An Olympian on the Couch? The Strange History of Psychiatric Tests, plus more weekly links


A selection of recent behavioral science news, articles, and resources of note:

  • Feeling like an Olympian might be as easy as tuning in to your TV. Reviewing recent research on the experience of being a spectator, Brian Barth writes, “It seems that fans can share much of an athlete’s thrill, without all the talent, training, and exertion.” Though you probably won’t make it on the front of a Wheaties box. (Nautilus)


Photo: U.S. Army

  • Competing at an Olympic level is a mental and physical roller coaster, so it’s no surprise that at the end of the ride, regardless of their success, participants are wiped out psychologically and physiologically. Some of the most successful athletes—from Michael Phelps to Allison Schmitt—have experienced this post-Olympic dip. To help address the problem, psychologists are working to help athletes create an identity that doesn’t revolve solely around sports, so the crash after the games isn’t so intense. (The Atlantic)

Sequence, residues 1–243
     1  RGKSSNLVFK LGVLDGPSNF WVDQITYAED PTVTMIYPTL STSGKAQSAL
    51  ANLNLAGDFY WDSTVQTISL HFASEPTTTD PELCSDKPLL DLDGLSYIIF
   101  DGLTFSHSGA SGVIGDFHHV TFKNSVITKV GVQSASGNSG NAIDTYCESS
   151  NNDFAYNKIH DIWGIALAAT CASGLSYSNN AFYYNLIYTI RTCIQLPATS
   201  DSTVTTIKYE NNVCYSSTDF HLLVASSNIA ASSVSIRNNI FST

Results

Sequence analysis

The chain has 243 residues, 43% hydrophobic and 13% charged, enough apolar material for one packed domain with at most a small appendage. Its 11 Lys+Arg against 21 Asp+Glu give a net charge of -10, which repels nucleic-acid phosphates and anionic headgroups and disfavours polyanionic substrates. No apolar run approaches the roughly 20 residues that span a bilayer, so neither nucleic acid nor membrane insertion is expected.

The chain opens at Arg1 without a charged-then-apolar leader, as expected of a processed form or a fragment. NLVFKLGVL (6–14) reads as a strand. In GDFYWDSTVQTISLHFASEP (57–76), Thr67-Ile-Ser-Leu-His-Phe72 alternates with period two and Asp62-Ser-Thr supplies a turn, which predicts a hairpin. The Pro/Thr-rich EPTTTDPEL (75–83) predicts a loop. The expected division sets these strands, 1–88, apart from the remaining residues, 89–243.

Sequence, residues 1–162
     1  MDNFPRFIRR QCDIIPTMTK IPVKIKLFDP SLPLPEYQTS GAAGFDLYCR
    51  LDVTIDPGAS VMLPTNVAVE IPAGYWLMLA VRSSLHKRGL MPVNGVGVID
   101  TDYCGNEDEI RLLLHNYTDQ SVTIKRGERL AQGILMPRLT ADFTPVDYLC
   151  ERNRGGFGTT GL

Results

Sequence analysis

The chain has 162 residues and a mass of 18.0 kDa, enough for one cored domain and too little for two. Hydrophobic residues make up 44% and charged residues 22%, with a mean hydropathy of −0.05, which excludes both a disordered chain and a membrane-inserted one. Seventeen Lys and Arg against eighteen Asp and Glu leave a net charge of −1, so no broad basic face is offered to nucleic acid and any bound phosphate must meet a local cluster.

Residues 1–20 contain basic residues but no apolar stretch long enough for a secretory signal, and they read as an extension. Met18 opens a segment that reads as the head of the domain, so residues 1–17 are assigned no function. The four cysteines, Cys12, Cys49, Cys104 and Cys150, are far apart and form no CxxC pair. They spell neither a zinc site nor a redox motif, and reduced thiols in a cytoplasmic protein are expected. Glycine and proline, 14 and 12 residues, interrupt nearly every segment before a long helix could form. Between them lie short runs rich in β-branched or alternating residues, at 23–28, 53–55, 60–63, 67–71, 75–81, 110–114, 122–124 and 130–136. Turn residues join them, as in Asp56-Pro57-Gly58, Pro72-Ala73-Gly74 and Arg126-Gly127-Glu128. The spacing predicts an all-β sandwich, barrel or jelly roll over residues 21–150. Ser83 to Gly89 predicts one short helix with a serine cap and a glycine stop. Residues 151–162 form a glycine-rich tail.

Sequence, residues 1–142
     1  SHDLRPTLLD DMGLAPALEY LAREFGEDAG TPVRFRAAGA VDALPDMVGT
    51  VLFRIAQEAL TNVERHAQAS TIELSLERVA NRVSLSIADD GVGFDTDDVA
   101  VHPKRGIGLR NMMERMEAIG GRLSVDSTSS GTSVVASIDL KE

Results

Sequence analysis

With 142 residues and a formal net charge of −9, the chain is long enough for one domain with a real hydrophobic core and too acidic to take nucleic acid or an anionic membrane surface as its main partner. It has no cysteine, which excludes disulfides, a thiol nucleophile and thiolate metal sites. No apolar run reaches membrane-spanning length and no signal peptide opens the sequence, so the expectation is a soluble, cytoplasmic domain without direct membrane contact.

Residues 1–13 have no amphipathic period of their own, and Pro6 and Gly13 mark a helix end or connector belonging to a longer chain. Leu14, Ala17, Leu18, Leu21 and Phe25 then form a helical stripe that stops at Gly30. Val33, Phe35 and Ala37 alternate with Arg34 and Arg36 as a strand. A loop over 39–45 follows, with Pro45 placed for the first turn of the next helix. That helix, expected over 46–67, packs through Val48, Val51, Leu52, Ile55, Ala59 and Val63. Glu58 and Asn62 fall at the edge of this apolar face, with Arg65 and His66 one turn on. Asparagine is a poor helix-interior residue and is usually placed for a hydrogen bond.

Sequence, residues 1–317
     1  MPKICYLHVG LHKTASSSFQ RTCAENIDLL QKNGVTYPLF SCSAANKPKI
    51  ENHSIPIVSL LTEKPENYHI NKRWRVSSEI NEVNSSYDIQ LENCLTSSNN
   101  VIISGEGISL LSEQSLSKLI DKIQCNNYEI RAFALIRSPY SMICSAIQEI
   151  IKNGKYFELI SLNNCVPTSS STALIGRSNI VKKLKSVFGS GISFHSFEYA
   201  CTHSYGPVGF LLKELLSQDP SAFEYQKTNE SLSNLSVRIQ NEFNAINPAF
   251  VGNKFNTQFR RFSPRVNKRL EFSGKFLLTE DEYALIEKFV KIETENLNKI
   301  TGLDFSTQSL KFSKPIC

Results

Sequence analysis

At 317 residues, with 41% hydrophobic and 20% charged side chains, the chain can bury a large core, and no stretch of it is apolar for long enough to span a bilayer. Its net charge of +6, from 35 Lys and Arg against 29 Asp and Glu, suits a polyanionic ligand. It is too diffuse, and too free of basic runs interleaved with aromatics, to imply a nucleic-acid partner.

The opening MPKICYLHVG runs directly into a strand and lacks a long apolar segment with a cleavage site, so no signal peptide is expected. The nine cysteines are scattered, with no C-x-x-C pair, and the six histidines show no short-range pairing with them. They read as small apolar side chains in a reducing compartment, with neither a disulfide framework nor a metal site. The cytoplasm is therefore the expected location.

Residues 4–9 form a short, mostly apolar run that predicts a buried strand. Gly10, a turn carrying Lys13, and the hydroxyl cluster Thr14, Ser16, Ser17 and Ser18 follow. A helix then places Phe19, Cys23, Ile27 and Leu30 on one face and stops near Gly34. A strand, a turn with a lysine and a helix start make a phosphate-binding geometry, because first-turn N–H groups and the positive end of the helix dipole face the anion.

• Nobody wants to finish last at the Olympics, but those who come in third tend to be happier than those in second. The Behavioral Insights Team dives into the Olympics with a look at the ways loss aversion, happiness, and the scientific method as applied to improvement all play a role in the World’s games. (Behavioral Insights Team)
  • The forthcoming Psychobook explores the history of psychiatric and psychological tests revealing the absurd and often noxious history of mental assessment. Elif Bautman peers into these methodological relics of the past, prompting us to wonder: Are today’s tools much better? (The New Yorker)
  • Psychologist Sanjay Srivastava is teaching a new course this fall, PSY 607: Everything is Fucked. Ok, it’s not a real course, but he did create a syllabus to get you thinking about where psychology is now and where it’s heading. (The Hardest Science and The Chronicle of Higher Education)
  • In the New York Times, David Kirp reviews research by psychologists who hope to boost college graduation rates by increasing belonging and improving mindsets. (New York Times)


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